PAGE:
'We Need To Learn from Germany': How the German Economy Became a Model

By Thomas Schulz in New York

It wasn't so long ago that many viewed Germany's economic model as outdated and the country as the "sick man of Europe." These days, however, even the Americans have come to praise parts of it, though they still doubt whether they would be able -- or willing -- to adopt it wholesale.

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The entryway to the neoclassical mansion on New York's Upper East Side betrays not a single indication of its inhabitant's name. A security gate is waiting behind the heavy metal door. Inside, one can see dark wood, marble and valuable paintings. From this base, Steven Rattner manages the private fortune of Michael Bloomberg. New York's mayor has entrusted his billions to Rattner because there are few as adept as him at multiplying money.

Rattner previously served as an economic adviser to President Bill Clinton. Barack Obama had been intending to make him a secretary in his administration, but then he assigned him the job of rescuing the American auto industry during the financial crisis. People in Washington are listening to what Rattner has to say on how things should go forward with the rest of America's stagnating economy. And Rattner is saying: "Germany is a model for the United States."

By now, Rattner has become quite knowledgeable about the issue, as well. He calls the German idea of Kurzarbeit "a model," referring to the "short-time work" program that the German government used during the crisis to avoid layoffs by encouraging companies to reduce workers' hours while making up for some of the workers' lost salaries and benefits itself. Likewise, he says that Germany's system for training skilled workers is a "clear role model for us or any other country" and that its intelligent industrial policies are also worthy of being imitated by Americans.

He also expressly praises the creative approaches of Germany's "Agenda 2010" program, the painful and unpopular reforms to the country's social-welfare system and labor market, and the achievements of Gerhard Schröder, the man who ushered in these reforms as Germany's chancellor between 1998 and 2005. Rattner says Schröder figured out how to steer Germany in the right direction so that a "developed contry could remain competitive even in a world where new economic giants, such as China, India and others, are emerging."

'One of the Wonders of the World'

Rattner isn't the only person who shares this opinion. US newsweekly Time writes that the wide range of German economic and social reforms have been "farsighted" and that German firms, together with those reforms, have forged "the most competitive industrial sector of any advanced economy." The New York Times, meanwhile, says that: "The German economy has been one of the wonders of the world over the last couple of years."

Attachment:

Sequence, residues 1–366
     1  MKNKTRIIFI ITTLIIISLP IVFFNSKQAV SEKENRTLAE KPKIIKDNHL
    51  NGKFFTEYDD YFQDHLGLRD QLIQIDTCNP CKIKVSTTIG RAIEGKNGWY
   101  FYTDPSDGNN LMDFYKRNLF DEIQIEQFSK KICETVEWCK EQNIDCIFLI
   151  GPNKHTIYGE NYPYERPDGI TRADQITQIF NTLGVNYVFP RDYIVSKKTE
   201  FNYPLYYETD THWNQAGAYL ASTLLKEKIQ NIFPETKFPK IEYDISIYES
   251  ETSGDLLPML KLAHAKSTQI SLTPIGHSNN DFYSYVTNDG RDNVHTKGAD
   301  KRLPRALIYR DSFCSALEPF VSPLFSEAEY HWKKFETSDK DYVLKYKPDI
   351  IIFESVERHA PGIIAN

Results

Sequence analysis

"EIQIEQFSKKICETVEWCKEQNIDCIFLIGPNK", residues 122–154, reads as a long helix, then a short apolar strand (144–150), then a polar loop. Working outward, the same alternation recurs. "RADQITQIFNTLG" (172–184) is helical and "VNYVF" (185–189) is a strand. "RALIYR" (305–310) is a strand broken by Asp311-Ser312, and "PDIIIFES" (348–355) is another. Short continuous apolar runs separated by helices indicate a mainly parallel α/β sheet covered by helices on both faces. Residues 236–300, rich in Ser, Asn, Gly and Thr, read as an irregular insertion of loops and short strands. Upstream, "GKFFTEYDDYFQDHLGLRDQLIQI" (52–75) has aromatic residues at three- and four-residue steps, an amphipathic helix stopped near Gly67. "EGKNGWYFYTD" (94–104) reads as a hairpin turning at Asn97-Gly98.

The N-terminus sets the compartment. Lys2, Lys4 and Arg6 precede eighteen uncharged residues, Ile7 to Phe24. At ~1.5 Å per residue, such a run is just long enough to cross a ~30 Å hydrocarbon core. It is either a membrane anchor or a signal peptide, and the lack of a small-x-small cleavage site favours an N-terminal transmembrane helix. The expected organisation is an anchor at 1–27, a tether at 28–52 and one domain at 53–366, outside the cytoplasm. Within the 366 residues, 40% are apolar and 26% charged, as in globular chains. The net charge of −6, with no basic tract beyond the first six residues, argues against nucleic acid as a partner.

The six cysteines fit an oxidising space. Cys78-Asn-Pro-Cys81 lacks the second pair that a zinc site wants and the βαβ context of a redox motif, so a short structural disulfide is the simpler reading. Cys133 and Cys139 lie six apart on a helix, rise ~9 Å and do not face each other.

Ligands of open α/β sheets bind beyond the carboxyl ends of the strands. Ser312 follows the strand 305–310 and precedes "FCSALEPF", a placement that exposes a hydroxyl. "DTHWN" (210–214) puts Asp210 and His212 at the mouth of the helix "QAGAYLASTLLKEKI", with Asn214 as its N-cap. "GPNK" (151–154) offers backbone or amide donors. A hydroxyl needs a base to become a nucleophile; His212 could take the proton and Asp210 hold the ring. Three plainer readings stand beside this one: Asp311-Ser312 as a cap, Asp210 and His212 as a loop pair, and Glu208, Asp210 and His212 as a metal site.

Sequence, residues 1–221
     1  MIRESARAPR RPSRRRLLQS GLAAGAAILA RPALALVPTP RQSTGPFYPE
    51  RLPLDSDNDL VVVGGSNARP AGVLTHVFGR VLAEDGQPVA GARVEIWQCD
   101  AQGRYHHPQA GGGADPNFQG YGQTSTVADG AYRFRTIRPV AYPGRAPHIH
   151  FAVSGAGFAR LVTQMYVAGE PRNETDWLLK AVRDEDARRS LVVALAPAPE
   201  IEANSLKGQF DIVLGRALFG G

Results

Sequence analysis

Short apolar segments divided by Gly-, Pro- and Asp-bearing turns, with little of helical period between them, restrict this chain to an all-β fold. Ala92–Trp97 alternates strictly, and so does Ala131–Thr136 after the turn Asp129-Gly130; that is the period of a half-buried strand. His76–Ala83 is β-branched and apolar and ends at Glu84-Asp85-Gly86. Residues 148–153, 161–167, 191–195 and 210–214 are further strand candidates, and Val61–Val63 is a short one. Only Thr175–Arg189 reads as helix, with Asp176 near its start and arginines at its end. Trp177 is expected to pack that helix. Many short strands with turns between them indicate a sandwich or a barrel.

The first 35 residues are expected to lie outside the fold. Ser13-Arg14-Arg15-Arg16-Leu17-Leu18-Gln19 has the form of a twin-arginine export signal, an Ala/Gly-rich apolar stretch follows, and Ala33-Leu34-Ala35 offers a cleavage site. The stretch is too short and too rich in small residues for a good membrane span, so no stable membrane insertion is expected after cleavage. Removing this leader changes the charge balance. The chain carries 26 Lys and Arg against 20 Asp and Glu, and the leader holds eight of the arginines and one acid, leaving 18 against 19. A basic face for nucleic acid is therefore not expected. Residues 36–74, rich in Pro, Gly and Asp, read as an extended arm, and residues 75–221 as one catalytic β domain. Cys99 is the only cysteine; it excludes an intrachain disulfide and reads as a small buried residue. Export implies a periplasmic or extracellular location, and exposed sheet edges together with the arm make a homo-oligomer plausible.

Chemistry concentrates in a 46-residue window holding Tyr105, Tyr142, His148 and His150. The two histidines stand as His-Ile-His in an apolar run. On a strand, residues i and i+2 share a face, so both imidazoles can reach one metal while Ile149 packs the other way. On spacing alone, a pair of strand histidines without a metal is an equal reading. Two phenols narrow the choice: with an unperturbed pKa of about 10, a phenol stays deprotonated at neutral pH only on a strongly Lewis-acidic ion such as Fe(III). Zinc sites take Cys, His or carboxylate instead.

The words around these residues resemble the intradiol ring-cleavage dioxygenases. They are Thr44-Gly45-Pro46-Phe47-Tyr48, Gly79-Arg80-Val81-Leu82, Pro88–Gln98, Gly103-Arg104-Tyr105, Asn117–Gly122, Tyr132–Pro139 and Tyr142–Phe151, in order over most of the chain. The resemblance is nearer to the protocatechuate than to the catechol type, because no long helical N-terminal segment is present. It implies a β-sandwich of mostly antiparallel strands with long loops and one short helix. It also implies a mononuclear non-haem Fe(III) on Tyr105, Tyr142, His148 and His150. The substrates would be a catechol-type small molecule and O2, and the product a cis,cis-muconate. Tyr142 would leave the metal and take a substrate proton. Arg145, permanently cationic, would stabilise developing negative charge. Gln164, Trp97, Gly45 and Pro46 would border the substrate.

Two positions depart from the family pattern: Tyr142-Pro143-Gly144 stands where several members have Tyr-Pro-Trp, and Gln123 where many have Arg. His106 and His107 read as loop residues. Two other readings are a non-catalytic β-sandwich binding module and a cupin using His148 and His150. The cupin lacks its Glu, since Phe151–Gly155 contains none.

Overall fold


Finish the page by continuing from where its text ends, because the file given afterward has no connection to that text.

Just a few years back, hardly anyone -- and perhaps Schöder himself less than anybody -- would have expected that his reforms would be lauded in, of all places, the Anglo-Saxon media. Indeed, it was primarily American and British economists and politicians who had written the German economy off as an outdated model in the era of globalization, as too cumbersome and inflexible and weighted down by protections against termination, social equalization and strong unions. In the financial centers of New York and London, Germany was labeled the "sick man of Europe."

And now? As America groans under the aftereffects of the financial crisis and recession, Germany's economy continues to steam ahead, even becoming an object of study. "Americans, including policymakers, are increasingly taking an interest in Germany's reforms and what it managed to accomplish in the last 10 years," says Michael Spence, an American economist and the 2001 winner of the Nobel Prize in economics.

"We need to be more like Germany" concurs GE CEO Jeffrey Immelt. And former President Clinton has praised Germany for what he described as a correct response to the crisis. More than anything, Germany is considered a role model for its successes as an exporting nation. While Germany enjoys a foreign trade surplus of €120 billion ($158 billion), America has a trade deficit of €423 billion.

This imbalance troubled Americans very little in the years preceeding the financial crisis. Nor were they bothered by the declining importance of their manufacturing base. The Americans considered machine building, chemicals and heavy industries -- all of which have been traditional German strengths -- to be yesterday's economic fields and ones that, for at least the foreseeable future, were better left to the emerging powers in Asia.

US Loses 200,000 Industrial Jobs a Year

Since the early 1980s, America has lost an average of over 200,000 jobs each year in the manufacturing industries and, today, only a little less than 9 percent of working Americans are employed in factories. Manufacturing as a share of gross domestic product has fallen to around some 12 percent, whereas the same figure for Germany is 26 percent. Instead, it has been the service sector and, especially, the financial industry that has been gaining in power and importance. Indeed, at times, the financial sector has accounted for over 40 percent of all US business earnings. But all of that has significantly changed since the Lehman Brothers collapse in 2008.